While the notion that even the Klingons could be redeemed does send a positive message, I do regret the fact that TREK basically watered down its most popular villains for the sake of showing that our worst enemies can eventually become allies. A positive social message which undercut dramatic and storytelling potential, in the long run.

That was at least floating under the surface from the first appearance of the Klingons.

"It is true that in the future, you and the Klingons will become fast friends. You will work together."
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Greg Kirkman
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Posted: 08 November 2017 at 1:04am | IP Logged | 18 post reply

Midnight's Edge roundtable on episode # 7 (with some ORVILLE talk, too):

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Shane Matlock
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Posted: 08 November 2017 at 7:46pm | IP Logged | 19 post reply

The time loop episode was probably one of my favorites so far, though that's not saying much. I've actually grown to really like the ship's engineer so that played a big part in it. But one thing about it that really bugged me was the idea that Michael Burnham would be worth more to the Klingon Empire if Mudd sold her to them than the ship that was single-handedly winning the war for the Federation. Ridiculous. 
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Rob Ocelot
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Posted: 08 November 2017 at 7:54pm | IP Logged | 20 post reply

The fact that Tyler has lasted as long as he has if he's a Klingon plant, and he's either a Klingon plant or it's a massive misdirect, stretches it a bit, but it's a long-standing Trek trope that a character can get a quick reconstructive surgery and then pass as a member of another species.  This goes back at least to "The Enterprise Incident," and there were a few cases in TNG, as well.

One important distinction between Tyler and the others you mentioned is that while looking the part they were also trying to lay low, fit in and not get noticed.   Easier to fake the broad strokes but it'll be the little things -- mannerisms, sayings, phrasings, accent, and emphasis that will get you noticed and outed in no time flat.  Eating habits are also another dead giveaway, especially if the person does not find the food palatable but is trying too hard to look like they enjoy it.   This kind of stuff has been the bane of every spy's existence since the beginning of spying.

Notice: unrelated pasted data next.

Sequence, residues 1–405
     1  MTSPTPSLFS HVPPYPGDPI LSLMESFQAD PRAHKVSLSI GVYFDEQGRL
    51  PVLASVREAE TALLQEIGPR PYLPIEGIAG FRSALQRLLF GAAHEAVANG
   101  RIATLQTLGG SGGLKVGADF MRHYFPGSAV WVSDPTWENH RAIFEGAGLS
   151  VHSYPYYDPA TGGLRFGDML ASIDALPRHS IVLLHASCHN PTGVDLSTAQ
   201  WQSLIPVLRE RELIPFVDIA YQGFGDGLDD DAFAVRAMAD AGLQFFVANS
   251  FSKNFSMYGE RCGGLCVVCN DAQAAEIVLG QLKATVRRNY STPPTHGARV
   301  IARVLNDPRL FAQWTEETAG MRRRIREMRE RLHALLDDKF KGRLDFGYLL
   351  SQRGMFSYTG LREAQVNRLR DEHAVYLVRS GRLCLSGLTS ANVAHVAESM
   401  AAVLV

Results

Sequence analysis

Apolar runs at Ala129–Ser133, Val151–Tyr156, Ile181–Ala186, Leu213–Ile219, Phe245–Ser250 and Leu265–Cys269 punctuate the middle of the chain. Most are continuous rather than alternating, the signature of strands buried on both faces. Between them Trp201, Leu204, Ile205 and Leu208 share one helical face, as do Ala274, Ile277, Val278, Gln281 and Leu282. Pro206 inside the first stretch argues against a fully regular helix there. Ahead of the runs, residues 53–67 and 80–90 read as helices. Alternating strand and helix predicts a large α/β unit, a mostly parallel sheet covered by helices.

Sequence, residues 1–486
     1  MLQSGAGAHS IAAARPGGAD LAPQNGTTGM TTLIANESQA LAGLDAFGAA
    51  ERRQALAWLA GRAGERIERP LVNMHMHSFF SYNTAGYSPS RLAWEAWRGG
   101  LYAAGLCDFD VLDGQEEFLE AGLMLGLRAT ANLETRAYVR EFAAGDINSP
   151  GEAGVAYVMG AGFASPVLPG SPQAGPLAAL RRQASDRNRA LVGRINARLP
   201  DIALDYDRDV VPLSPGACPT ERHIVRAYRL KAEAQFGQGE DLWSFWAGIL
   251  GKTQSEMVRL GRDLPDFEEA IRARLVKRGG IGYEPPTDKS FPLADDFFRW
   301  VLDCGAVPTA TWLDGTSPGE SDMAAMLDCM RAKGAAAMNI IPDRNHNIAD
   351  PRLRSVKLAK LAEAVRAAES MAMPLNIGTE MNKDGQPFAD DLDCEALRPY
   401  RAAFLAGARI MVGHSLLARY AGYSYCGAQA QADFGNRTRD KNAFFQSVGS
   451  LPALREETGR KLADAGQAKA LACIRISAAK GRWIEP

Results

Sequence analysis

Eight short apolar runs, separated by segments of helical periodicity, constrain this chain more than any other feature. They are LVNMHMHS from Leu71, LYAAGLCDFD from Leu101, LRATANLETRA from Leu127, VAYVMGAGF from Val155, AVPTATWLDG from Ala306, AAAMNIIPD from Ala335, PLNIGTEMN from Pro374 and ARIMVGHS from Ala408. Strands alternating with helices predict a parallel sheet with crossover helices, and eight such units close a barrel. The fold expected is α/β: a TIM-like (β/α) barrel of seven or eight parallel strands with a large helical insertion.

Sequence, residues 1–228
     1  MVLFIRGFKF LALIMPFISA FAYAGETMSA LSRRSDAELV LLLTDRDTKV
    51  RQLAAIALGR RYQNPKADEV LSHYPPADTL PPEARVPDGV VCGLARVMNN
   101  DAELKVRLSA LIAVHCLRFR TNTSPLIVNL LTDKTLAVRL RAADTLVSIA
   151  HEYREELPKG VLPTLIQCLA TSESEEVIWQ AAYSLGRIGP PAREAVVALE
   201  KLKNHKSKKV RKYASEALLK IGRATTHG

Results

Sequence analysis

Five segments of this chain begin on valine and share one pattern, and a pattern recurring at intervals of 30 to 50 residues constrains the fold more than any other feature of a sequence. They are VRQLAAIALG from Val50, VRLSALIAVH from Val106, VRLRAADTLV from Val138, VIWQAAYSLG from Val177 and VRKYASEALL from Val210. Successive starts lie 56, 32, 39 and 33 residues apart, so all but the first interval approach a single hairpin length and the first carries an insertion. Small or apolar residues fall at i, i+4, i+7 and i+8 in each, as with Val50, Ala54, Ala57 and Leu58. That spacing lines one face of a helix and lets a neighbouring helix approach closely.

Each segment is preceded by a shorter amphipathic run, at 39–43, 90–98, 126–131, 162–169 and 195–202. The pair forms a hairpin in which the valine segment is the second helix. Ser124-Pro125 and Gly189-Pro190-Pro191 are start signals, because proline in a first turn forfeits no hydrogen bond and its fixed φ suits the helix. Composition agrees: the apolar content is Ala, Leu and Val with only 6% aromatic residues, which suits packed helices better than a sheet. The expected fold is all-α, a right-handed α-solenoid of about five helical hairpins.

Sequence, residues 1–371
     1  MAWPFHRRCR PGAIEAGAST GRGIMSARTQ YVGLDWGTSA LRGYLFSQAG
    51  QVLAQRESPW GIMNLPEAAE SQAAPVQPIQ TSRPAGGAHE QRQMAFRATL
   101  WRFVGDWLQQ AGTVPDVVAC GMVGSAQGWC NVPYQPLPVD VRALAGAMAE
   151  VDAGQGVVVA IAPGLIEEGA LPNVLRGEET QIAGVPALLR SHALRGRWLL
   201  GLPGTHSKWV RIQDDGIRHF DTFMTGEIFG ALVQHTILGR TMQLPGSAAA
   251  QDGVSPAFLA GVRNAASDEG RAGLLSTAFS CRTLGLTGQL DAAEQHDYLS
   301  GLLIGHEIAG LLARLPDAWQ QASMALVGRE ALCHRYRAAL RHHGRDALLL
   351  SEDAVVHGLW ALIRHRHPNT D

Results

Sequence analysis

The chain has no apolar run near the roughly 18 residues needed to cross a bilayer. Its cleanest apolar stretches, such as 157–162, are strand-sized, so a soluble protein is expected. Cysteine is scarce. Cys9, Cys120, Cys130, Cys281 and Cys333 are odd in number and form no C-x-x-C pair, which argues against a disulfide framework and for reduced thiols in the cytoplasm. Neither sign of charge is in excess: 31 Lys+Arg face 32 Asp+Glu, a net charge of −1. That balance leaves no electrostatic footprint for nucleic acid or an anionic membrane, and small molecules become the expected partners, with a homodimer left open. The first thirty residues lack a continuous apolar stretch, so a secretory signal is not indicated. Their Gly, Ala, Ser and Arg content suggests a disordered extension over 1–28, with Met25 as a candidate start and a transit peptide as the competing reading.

Tyler?  He eats out in the open and talks to people.  A lot.  He also doesn't shy away from socializing or public displays of affection. Also, no one seems to bat an eye that he's been ultra-promoted to Security Chief ahead of many other people. (although I'm still not ruling out that might be a gambit on Lorca's part).   

Either he's the best damn spy ever in the history of spying or there's yet another twist here.   My theory is that Voq "losing everything" was  literal.   His body has been altered to look human by the augment virus or a re-engineered variant and his memories are someone else's entirely -- I suspect the 'real' Tyler's memories and personality were dumped and inserted into Voq, likely supplanting the original identity.   He may not even be aware he's a 'sleeper' spy.   

One crucial point in the most recent episode was Saru sensing that Tyler was being deceitful about a recent event in the episode but did not sense that his entire personality was a deceit.  It may be that altered-Voq so deeply believes he's Tyler even a telepath or empath may not detect it.  Another interesting point from the most recent episode -- why is L'rell so hot to defect and get on board the Discovery now?   My thinking is that she needs to be in close proximity to Tyler/Voq to activate the suppressed personality -- perhaps a word trigger or some other technological method.